Robert Doisneau’s Contact Sheets

Yesterday, Google celebrated Robert Doisneau’s centenary (100th anniversary of his birth) with a doodle. In the doodle was the famous Doisneau photo — Le baiser de l’hôtel de ville — an internationally recognised symbol of young love in Paris. Here’s its contact sheet.

Also, there was an interview in Doisneau in that marvelous series, Contacts.

The above photo seemed like a testament to spontaneity of a street photographer — that of someone who just happened to look up from his Pernod, say. Let me disabuse you of that notion. Doisneau had seen the man and woman days earlier, near the school at which they were studying acting (as it later transpired). He was on assignment for Life magazine in 1950, for a story on romance in Paris, and hired the couple as models for the shot.

That he hired them and who the couple were, however, were not brought to light until the early 1990s, when lawsuits demanding compensation were filed by several people who claimed to be the models in the famous picture. Their names were Francoise Bornet and Jacques Carteaud.

Doisneau later came to hate the photo’s fame; as he saw himself as a realist — “a brutal thief of images”, he resentedhis reputation as a romantic photographer that this photo brought.

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How It First Appeared: Not Even the Largest Photo in the Story

Un Regard Oblique

No other photograph was this thoroughly analyzed — or, overanalyzed. The above photo, Un Regard Oblique, has been a fixture in sociology, psychology, psychoanalysis, and gender studies circles since it was taken by Robert Doisneau in 1948.

A couple looks at the window and the man is enthralled by the portrait of a naked woman (very salacious one  by the standards of the time) while his wife talks to him about a photo which is presumably more modest. A simple image, but not quite a decisive moment.

For his Life magazine assignment, Doisneau hid his Rolliflex behind an antique chair on display at Romi’s art gallery in the 5th arrondissement. With his usual flair for humor, he had set his camera at the correct angle to the nude to take a series of furtive photos of male admirers. The above photo was his last shot.

Many scholarly articles written about it followed the example of this intricately written piece from 1982 by that great pioneer in film-gender studies, Mary Ann Doane:

“The photograph appears to give a certain prominence to a woman’s look. Both the title of the photograph and its organization of space indicate that the real site of scopophilic power is on the margins of the frame. The man is not centered; in fact, he occupies a very narrow space on the extreme right of the picture. Nevertheless, it is his gaze which defines the problematic of the photograph; it is his gaze which effectively erases that of the woman. Indeed, as subject of the gaze, the woman looks intently. But not only is the object of her look concealed from the spectator, her gaze is encased by the two poles defining masculine axis of vision. Fascinated by nothing visible — a blankness or void for the spectator — unanchored by a ‘sight’ (there is nothing ‘proper’ to her vision — save, perhaps, the mirror), the female gaze is left free-floating, vulnerable to subjection. The faint reflection in the shop window of only the frame of the picture at which she is looking serves merely to rearticulate, en abyme, the emptiness of her gaze, the absence of her desire in representation.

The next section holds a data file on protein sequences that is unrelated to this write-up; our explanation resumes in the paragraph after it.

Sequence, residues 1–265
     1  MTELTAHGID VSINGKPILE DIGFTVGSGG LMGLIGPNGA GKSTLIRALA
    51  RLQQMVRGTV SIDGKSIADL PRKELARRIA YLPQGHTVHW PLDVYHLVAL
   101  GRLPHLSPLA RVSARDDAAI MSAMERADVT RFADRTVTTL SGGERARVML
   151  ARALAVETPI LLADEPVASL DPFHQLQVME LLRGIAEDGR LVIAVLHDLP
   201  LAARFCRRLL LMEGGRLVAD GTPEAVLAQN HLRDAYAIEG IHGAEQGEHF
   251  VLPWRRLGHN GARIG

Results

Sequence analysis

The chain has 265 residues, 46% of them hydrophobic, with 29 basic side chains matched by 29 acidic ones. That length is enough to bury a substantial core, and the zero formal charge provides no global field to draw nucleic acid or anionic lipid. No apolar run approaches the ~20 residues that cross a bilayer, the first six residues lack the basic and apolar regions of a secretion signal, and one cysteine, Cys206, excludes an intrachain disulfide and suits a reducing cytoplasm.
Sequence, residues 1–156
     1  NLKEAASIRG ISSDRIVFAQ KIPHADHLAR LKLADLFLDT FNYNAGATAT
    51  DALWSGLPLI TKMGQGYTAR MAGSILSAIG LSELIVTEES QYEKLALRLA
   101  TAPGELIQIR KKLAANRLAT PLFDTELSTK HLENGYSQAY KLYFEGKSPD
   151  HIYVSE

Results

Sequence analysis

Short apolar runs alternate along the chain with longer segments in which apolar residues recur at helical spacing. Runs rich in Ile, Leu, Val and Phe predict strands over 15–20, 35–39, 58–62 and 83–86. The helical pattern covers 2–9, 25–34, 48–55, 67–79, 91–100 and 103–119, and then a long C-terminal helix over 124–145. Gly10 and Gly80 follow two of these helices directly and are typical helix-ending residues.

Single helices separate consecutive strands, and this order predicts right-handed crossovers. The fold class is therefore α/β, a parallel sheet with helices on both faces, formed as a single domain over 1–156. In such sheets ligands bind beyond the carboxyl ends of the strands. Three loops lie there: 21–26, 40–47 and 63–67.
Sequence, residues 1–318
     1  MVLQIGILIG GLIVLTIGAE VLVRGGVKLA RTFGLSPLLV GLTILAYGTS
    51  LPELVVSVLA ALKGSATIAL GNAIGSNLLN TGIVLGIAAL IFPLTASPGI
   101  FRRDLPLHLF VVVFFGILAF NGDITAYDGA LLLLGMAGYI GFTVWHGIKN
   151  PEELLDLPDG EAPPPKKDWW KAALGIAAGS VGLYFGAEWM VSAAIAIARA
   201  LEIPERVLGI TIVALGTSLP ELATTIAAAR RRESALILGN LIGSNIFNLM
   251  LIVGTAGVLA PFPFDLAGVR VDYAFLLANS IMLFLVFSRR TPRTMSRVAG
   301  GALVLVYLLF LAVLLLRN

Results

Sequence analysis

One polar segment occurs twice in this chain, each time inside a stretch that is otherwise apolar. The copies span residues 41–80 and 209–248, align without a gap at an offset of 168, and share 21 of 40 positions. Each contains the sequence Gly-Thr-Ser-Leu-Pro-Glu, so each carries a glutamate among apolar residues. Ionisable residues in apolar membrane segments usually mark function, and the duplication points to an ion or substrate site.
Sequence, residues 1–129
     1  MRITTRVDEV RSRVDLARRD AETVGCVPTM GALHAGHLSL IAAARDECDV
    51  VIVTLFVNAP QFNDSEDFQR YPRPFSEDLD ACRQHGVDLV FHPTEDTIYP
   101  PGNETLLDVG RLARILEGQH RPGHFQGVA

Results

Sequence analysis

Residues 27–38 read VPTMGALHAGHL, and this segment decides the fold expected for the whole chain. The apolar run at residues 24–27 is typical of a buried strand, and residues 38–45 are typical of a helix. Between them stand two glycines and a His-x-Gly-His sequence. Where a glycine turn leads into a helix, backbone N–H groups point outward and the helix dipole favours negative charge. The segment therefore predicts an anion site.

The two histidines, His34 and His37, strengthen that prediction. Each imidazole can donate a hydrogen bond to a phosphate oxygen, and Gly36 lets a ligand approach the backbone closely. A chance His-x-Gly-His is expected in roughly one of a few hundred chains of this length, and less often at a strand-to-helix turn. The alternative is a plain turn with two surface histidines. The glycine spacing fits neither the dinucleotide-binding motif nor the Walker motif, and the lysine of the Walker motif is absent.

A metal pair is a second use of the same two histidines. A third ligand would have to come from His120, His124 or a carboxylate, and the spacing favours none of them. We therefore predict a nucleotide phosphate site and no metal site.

“On the other hand, the object of the male gaze is fully present, there for the spectator. The fetishistic representation of the nude female body, fully in view, insures a masculinization of the spectorial position.”

Actually, that is just a tenth of what she wrote. The full article is called, ‘Film and the Masquerade: Theorizing the Female Spectator‘.

Le Baiser de l’Hotel de Ville


Although not as iconic as Alfred Eisenstaedt’s the sailor kiss on the V-E Day, Robert Doisneau’s “The Kiss by the Hôtel de Ville,” taken on a Parisian street in 1950, is considered one of the most romanticand popular photos ever taken. Although Doisneau worked in Paris as a street photographer and stole many an intimate moment of Parisian couples, this classic shot was staged. However, this fact didn’t prevent the picture from gracing the walls of many freshman dorm rooms since its first production in 1986. More than 500,000 posters and 400,000 postcards have been reprinted from the original.

The picture was taken for a photo spread about Paris lovers for Life magazine, but the image stayed in the archives of Doisneau’s photo agency (Ralpho, which benefited greatly from this single picture) for more than 30 years before it was commercialized by a poster company. 

The picture’s success sparked controversies when several couples claimed that they were the subjects and sued Doisneau. In 1993, a former actress, Françoise Bornet sued Doisneau for $18,000 and a share of the royalty in the image, by claiming she was the women in the picture. The case was dismissed, but Doisneau admitted that he, Bornet and her boyfriend Jacques Carteaud staged the photo. The couple who would later separate were the students studying theater when Doisneau approached them.  Doisneau reflected, “I would have never dared to photograph people like that. Lovers kissing in the street, those couples are rarely legitimate.”